Letter from the Editor: The New, New Internet

If you cut through all the jargon, there's every reason to believe that the creeping changes of the Internet era are finally taking effect in our own backyard

Published: Dec 3, 2010

The Internet boom of the late Nineties may have petered out by early 2000, but the Big Ideas that it threw up then may finally be coming to fruition. Exactly a decade ago, I remember interviewing Don Tapscott, a leading writer, consultant and speaker. He was among the pioneers who saw the rise of the Internet as nothing short of a revolution for both established and new businesses. Last month, Tapscott and Anthony D. Williams co-authored another business best-seller Macrowikinomics. It focuses on why industrial age firms may be reaching the end of their life cycle, and would have to be completely re-invented around a new set of principles and a networked model.

mg_40002_december_cover_image_280x210.jpgIf you cut through all the jargon, there’s every reason to believe that the creeping changes of the Internet era are finally taking effect in our own backyard. There are many facets of that change. In our cover story, we pick up one of the biggest technological changes impacting the world of business: Cloud computing. The fact that increasingly all IT infrastructure — hardware, software and services — is now available on tap is helping Indian firms to scale up faster — and at a significantly lower capital cost. Back in the days of the Internet boom, the concept of a significantly de-capitalised business model had stirred our collective imagination. In India, the early adopters aren’t necessarily the big firms. Our team led by Deputy Editor Shishir Prasad, Associate Editor Seema Singh and Senior Assistant Editor Rohin Dharmakumar discovered scores of small and medium enterprises that were embracing cloud computing — and beginning to achieve extra-ordinary results. Read their story on page 40.

SAIL, India’s biggest steel maker, is on the brink of a massive transformation. Even as global and local competitors flex their muscles in India, SAIL desperately needs to expand capacity and up its technological prowess. Under its new chairman Chandra Shekhar Verma, the youngest in the company’s history, the company finally seems to have a handle on all its strategic issues. Curiously, Verma is a complete outsider to the steel industry. Will the fact that he has no baggage of the past enable him to take SAIL to the next level? Assistant Editor Prince Mathews Thomas examines his agenda on page 36.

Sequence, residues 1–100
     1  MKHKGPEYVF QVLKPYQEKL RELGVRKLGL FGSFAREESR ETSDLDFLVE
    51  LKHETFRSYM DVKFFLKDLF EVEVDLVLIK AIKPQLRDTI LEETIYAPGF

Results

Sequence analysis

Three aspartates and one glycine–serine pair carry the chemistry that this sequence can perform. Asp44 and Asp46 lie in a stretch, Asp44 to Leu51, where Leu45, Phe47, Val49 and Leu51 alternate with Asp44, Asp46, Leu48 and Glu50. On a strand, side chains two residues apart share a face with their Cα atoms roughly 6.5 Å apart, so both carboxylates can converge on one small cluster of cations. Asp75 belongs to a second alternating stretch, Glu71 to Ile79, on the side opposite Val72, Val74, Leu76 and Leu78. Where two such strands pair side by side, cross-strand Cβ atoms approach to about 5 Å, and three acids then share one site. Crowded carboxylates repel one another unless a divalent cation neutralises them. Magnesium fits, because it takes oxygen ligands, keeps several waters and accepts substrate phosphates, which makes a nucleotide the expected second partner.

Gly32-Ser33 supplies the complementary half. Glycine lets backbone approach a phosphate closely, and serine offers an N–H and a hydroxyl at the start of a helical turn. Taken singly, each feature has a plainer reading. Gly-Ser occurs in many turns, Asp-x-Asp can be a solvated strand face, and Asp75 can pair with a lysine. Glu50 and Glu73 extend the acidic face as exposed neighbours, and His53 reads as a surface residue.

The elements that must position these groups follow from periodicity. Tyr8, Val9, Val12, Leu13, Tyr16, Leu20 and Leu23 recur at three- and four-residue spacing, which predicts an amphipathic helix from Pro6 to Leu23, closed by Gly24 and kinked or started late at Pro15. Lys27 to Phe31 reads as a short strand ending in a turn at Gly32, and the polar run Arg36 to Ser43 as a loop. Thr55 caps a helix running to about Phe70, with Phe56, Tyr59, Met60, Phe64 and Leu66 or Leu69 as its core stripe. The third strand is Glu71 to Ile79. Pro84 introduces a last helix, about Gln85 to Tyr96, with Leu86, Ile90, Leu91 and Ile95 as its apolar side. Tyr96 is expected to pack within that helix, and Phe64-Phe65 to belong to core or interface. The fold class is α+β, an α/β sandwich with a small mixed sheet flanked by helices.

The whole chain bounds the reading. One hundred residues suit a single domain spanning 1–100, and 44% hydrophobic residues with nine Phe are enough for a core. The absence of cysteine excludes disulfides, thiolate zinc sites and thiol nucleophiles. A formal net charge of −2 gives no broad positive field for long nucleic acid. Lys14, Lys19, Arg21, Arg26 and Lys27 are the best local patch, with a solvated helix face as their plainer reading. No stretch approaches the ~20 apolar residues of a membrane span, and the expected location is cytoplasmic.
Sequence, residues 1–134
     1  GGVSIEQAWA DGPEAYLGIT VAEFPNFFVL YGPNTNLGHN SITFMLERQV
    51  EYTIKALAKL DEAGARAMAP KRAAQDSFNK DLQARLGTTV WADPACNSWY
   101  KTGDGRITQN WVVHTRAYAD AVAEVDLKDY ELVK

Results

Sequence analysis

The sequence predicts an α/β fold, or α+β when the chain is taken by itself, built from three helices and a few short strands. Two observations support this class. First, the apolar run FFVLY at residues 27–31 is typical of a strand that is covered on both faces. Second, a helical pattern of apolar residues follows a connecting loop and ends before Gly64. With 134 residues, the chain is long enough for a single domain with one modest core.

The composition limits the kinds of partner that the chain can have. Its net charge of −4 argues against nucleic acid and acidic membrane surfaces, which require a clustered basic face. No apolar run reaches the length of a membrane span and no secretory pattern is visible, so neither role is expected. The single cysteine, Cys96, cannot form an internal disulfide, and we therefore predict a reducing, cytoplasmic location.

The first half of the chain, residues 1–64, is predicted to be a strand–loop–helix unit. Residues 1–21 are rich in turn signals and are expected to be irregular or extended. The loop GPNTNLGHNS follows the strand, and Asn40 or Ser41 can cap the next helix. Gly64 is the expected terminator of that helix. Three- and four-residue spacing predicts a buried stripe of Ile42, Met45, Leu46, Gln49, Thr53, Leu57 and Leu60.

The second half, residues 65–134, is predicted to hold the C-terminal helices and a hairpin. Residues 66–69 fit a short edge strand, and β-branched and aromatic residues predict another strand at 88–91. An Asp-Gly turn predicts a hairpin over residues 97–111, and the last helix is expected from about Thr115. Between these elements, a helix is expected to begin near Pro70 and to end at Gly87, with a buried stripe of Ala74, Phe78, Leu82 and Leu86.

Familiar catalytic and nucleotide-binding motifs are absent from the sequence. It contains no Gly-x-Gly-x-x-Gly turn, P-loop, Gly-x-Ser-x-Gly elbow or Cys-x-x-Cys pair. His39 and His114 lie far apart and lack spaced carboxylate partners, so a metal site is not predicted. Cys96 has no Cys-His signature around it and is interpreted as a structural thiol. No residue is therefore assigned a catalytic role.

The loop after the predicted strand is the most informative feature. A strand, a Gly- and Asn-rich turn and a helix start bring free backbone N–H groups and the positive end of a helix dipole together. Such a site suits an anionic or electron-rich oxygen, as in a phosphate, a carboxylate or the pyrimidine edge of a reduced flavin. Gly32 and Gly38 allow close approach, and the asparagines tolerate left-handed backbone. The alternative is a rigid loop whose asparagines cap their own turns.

It’s been such an action packed year that it’s hard to imagine that we’ve almost reached the end of it. Like last year, we’ve planned a year-end special edition that promises to be both fun and refreshing. Along with all the customary lists, we’ll also unveil all the amazing candidates for the Forbes India Person of the Year. There’s one surprise though: This year, we’ve also planned a specially crafted event in New Delhi on December 17 to launch the edition. Watch out for more details.

(This story appears in the 17 December, 2010 issue of Forbes India. You can buy our tablet version from Magzter.com. To visit our Archives, click here.)

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